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Pain Drawings: An Important Tool for Health Care Practitioners

Last year we shared with you a study in which investigators found patients with more severe and chronic TMD are likely to experience other persistent pain conditions in other parts of the body, seemingly unrelated to problems in the jaw or face. Yet patients often do not mention these "overlapping" or "comorbid" pain conditions when they see a dentist or health care provider.

Primary Temporomandibular Disorders and Comorbid Conditions

The aim of this study is to evaluate the distribution of the most common comorbid conditions associated with chronic temporomandibular disorders, and the pharmacological agents which play an integral role in the overall management of temporomandibular joint disorders. Abstract: INTROD

Overdiagnosis and Unnecessary Therapy

Many dental practitioners continue to use radiographic or magnetic resonance imaging (MRI) findings in the temporomandibular joint (TMJ) as the sole means of establishing that there is a pathology present that requires treatment.

TMD Self-Management Programs

Self-management (SM) programs in temporomandibular disease (TMD) are a core component of pain management of TMD throughout its course and are often given to patients as a first essential step after diagnosis.

Honor Families Who Bravely Battle TMD

If you haven't done so already, please join me in making a year-end contribution to The TMJ Association (TMJA) in the honor of families like mine and yours who bravely battle this disease each and every day. Since my daughter, Alexandra, b

Are TMD Patients More Pain Sensitive? Maybe. But It's Complicated

  • Dec 16, 2016

TMD patients come in many different varieties. Some experience pain and dysfunction confined only to the jaw and/or the associated chewing muscles. Other TMD patients have jaw pain plus one or more other painful conditions elsewhere in the body. Scientists have been trying to figure out if these differences in their experience of pain reflect any long-term changes in the brain, in particular a phenomenon called "central sensitization," in which individuals become more sensitive to pain over time. Although "central sensitization" is considered a normal phenomenon, pain sensitive individuals may have brain changes that may make their pattern of central sensitization different than that of individuals without chronic pain.

To test for central sensitization, researchers typically use a 'temporal summation' method, in which volunteers are exposed to a nonpainful stimulus that becomes painful with repeated exposures to it. You might make an analogy to water dripping on rock that over time eventually penetrates the rock. In the temporal summation method used in the TMD experiment described below, volunteers were exposed to a heated pad placed on their palms for multiple times over a fixed time period. Individuals experiencing central sensitization would feel the heated pad becoming painful over time.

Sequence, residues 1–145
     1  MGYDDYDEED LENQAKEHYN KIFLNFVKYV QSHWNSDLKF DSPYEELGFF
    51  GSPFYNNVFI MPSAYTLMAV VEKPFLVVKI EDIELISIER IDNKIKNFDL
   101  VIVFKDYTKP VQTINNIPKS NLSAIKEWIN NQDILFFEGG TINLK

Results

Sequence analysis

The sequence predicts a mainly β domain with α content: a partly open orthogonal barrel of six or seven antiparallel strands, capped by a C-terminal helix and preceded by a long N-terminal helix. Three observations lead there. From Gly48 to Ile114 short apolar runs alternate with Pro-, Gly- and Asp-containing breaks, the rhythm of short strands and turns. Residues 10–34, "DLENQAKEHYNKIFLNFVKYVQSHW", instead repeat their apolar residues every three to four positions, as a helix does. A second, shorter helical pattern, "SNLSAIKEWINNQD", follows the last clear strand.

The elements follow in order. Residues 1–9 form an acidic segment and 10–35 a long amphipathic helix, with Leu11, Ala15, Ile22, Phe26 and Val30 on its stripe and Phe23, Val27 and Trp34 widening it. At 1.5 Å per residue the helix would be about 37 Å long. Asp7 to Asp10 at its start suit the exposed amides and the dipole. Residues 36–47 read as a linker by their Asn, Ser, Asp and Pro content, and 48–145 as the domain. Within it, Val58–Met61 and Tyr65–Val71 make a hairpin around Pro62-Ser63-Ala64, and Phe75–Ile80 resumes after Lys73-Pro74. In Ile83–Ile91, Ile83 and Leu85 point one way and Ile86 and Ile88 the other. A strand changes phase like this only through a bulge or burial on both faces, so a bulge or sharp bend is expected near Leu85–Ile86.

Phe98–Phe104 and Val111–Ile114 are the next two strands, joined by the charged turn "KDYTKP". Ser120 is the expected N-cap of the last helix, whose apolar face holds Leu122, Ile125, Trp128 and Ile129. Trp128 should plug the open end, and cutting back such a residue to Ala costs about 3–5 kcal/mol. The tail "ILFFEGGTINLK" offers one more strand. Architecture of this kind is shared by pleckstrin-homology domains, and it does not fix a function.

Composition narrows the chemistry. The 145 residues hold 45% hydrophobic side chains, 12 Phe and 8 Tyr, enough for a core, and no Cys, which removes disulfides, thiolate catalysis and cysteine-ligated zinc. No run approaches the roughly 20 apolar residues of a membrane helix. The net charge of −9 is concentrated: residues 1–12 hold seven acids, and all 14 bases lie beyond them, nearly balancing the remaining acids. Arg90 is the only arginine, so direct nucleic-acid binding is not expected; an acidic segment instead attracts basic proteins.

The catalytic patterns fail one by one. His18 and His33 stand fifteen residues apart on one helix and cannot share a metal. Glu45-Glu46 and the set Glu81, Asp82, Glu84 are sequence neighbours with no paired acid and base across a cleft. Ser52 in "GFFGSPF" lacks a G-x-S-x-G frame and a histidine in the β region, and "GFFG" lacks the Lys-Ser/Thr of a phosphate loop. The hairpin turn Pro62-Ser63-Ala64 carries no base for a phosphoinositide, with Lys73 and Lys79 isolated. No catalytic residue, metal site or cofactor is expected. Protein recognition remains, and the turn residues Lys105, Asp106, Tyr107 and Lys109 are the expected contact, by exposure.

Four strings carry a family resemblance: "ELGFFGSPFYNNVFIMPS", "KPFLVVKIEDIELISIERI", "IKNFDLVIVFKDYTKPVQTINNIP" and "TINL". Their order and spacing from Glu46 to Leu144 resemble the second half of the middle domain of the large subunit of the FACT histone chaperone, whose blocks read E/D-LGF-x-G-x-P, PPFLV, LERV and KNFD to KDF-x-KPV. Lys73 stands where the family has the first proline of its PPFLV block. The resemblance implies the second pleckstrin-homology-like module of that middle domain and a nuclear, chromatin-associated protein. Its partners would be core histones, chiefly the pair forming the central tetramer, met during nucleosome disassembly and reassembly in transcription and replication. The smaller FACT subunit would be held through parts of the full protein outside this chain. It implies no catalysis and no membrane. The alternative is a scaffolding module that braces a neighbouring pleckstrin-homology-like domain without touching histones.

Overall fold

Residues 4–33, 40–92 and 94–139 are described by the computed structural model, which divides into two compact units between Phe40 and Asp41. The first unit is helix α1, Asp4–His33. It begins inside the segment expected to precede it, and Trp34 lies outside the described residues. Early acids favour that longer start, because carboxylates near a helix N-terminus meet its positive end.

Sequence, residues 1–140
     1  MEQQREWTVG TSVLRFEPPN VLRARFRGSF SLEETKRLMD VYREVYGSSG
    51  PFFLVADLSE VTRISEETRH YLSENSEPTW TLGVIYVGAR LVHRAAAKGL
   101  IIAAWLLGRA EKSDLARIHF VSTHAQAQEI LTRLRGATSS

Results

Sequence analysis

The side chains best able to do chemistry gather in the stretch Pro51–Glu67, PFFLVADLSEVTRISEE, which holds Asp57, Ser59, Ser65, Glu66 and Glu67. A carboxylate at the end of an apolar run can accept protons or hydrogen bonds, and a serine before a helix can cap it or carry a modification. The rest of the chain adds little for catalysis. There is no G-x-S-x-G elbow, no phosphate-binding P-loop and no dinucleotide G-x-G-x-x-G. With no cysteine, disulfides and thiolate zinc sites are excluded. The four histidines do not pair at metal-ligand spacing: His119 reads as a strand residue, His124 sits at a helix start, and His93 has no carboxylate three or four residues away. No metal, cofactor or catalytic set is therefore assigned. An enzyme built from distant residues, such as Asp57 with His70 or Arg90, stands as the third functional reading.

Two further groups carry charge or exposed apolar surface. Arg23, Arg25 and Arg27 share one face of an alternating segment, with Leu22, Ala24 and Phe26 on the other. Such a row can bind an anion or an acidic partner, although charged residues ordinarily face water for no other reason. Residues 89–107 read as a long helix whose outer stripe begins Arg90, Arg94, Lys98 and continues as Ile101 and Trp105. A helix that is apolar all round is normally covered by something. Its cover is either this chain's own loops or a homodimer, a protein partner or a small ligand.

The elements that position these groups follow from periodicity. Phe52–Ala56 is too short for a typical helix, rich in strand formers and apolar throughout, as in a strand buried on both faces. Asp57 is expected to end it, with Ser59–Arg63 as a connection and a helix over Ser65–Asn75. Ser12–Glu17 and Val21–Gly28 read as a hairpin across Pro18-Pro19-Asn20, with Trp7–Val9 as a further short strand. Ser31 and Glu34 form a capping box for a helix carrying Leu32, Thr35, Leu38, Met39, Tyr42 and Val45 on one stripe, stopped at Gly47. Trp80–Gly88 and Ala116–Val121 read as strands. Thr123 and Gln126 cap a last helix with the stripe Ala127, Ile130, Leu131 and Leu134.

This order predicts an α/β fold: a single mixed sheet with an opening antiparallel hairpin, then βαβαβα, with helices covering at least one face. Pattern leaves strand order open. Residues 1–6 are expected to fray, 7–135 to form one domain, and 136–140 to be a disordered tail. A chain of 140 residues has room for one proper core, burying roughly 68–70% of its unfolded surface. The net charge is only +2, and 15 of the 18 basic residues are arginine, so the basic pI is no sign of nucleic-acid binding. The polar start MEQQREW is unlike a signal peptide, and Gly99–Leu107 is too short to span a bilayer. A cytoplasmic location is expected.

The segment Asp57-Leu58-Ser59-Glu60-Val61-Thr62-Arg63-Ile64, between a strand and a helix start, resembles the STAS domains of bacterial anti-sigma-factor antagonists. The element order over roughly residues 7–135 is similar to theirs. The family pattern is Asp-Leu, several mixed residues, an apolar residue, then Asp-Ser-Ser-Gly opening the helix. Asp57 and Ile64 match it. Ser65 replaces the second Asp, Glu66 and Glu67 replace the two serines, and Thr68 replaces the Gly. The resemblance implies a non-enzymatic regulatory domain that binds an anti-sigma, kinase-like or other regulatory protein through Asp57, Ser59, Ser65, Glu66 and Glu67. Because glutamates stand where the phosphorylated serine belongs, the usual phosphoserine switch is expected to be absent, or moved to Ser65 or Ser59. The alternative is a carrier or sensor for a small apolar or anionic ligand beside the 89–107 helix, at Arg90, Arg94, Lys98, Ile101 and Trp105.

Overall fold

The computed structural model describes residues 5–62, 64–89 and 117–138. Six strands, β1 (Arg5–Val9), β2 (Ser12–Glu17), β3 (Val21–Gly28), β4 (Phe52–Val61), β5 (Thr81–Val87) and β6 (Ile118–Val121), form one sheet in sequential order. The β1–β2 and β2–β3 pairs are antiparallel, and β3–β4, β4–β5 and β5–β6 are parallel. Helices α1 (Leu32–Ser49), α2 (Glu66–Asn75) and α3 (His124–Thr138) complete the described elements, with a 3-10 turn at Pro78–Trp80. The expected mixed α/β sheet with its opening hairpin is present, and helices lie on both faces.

It is widely believed that individuals with fibromyalgia (widespread pain with diffuse tender points that are painful when lightly pressed) and perhaps some other pain conditions, including TMD, experience enhanced central sensitization, demonstrated either by reaching peak pain earlier in the temporal summation test or perhaps by having more lasting 'aftersensations' following removal of the heat. In a study conducted at New York University by Dr. Karen Raphael in collaboration with other institutions, researchers compared experimental pain sensitivity in three groups: patients with only muscle-based TMD (n=100), patients with TMD plus fibromyalgia (n=26), and a matched pain-free control group (n=48). Their surmise was that the TMD patients with fibromyalgia would have different pain sensitivity than TMD patients whose pain was confined to the chewing muscles or normal controls.

Results: Surprisingly, when the researchers looked at each individual participant, temporal summation did not often occur as expected, and rates of summation did not differ among participants in different groups. Even at the highest constant temperatures considered safe to test, less than half of participants showed an increase in subjective painfulness of the heated pad over repeated presentations. Participants were more likely to either rate the heat as having a consistent painfulness over time or, for some, even a reduction in painfulness. Examining just those participants who appeared to become centrally sensitized, the rate and pattern of central sensitization did not differ among any of the study groups. However, the subgroups of TMD patients had longer-lasting painful aftersensations than controls when the heated pad was removed. TMD patients with fibromyalgia had similarly painful aftersensations to those TMD patients without fibromyalgia.

Conclusions: This study shows that some of the methods used to assess pain sensitivity do not work as researchers expect. However, the problems may be obscured when averaging responses across all participants in a group. Nevertheless, since TMD patients had more lingering painful aftersensations when the heated pad was removed, the researchers were able to support the concept that TMD patients, both those with and without fibromyalgia, have some form of disturbance of central nervous system-managed pain processing mechanisms.

TMJ Disorders

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